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Is It True That All Cats Have White Whiskers? The Facts & FAQ

Written by: Sarah Psaradelis

Last Updated on February 15, 2024 by Catster Editorial Team

close up of cat whiskers

Is It True That All Cats Have White Whiskers? The Facts & FAQ

It appears that nearly all cats have white, almost transparent-looking whiskers, but there are some exceptions. Cats can come in a range of different colors and various patterns, but their whiskers are usually always white regardless of their fur coloration.

A cat’s whiskers are unique and can benefit your cat in various ways, however, there is not much color variation when it comes to whiskers.

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Why Are Cats’ Whiskers White?

cat eyes
Image Credit: Annette Meyer, Pixabay

Cats’ whiskers are white because the roots of the whiskers do not have any pigmentation, which gives them an almost translucent white appearance. The whiskers of cats are three times thicker than a cat’s normal fur and lack melanin. However, some cats’ whiskers can change color as they start to age.

Some whiskers may appear grey; however, they rarely have colors like black or orange. Genetics can play a role in the color of your cat’s whiskers which can make them turn black or darken. Some cats can have a mixture of different colored whiskers, and it can change as your cat goes through various life stages. Kittens are usually born with all-white whiskers that can darken to a grey color as they age.

Can a Cat’s Whiskers Be Black?

A cat can have black or dark grey-looking whiskers, however, the whisker itself will usually reflect as white in bright light because the whisker cannot be a solid black color due to the lack of pigmentation. Dead skin cells can also cause a cat’s whisker to turn black and darken.

Certain breeds like the Bombay cat may have slightly darker whiskers that can appear black if they are looked at from a distance. A cat’s whiskers can also turn a darker color if your cat is in their senior years. It is also common for a cat to have one whisker that looks darker than the others, and this may mean that the whisker is going to fall off.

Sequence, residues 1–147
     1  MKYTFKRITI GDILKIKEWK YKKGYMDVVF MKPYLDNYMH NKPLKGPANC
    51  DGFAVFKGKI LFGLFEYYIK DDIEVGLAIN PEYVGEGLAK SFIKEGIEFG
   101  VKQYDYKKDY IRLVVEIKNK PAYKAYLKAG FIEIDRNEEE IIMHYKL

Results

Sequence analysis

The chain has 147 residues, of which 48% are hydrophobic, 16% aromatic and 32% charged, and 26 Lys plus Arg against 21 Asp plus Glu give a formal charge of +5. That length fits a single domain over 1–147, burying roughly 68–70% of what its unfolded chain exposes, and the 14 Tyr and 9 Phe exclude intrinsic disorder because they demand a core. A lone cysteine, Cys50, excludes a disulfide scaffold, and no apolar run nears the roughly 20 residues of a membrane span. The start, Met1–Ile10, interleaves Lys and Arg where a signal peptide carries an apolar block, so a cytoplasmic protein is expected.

Some cats may not experience any changes in their whisker color even as they age. If your cat has a black coat, it does not necessarily mean that they will have black whiskers, as an orange or white cat may also have darker whiskers, and most black cats will have white or grey whiskers.

What Is the Difference Between Cat Fur & Whiskers?

classic tabby Norwegian forest cat close up
Image Credit: Elisa Putti, Shutterstock

A cat’s whisker starts as a single ring of skin cells and develops at the root to be much thicker and longer than your cat’s fur. Whiskers do not retain melanin that gives cats their fur coloration, which is why whiskers are white. A whisker may gather some pigmentation before it is pushed out of the top layer of the skin, but soon loses it.

During the development of whiskers, the skin cells usually die when they reach the surface which makes them turn white. Cats’ whiskers grow close to nerves and have deep roots, which is why a cat’s whiskers are so sensitive to touch.

Whiskers are made from a protein called alpha-keratin, which is the same protein as a cat’s fur, however, the whisker is not found in the dermis layer of a cat’s skin, which is where the fur grows from. Instead, whiskers grow from a deeper layer in a cat’s skin known as the hypodermis. A cat’s coat color is dependent on the pigmentation in the skin cells, whereas the whisker is not.

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Final Thoughts

A cat’s whiskers are generally white in appearance, but they can change in color when your cat ages or before the whisker falls out. It is possible for a cat to develop black whiskers depending on their genetics and whiskers may darken when your cat ages. The main reason a cat’s whiskers are white is that they do not hold any pigmentation like your cat’s fur. It is not uncommon for cats’ whiskers to change color throughout their life, however, many cats will have predominantly white whiskers.

Featured Image Credit By: Annette Meyer, Pixabay

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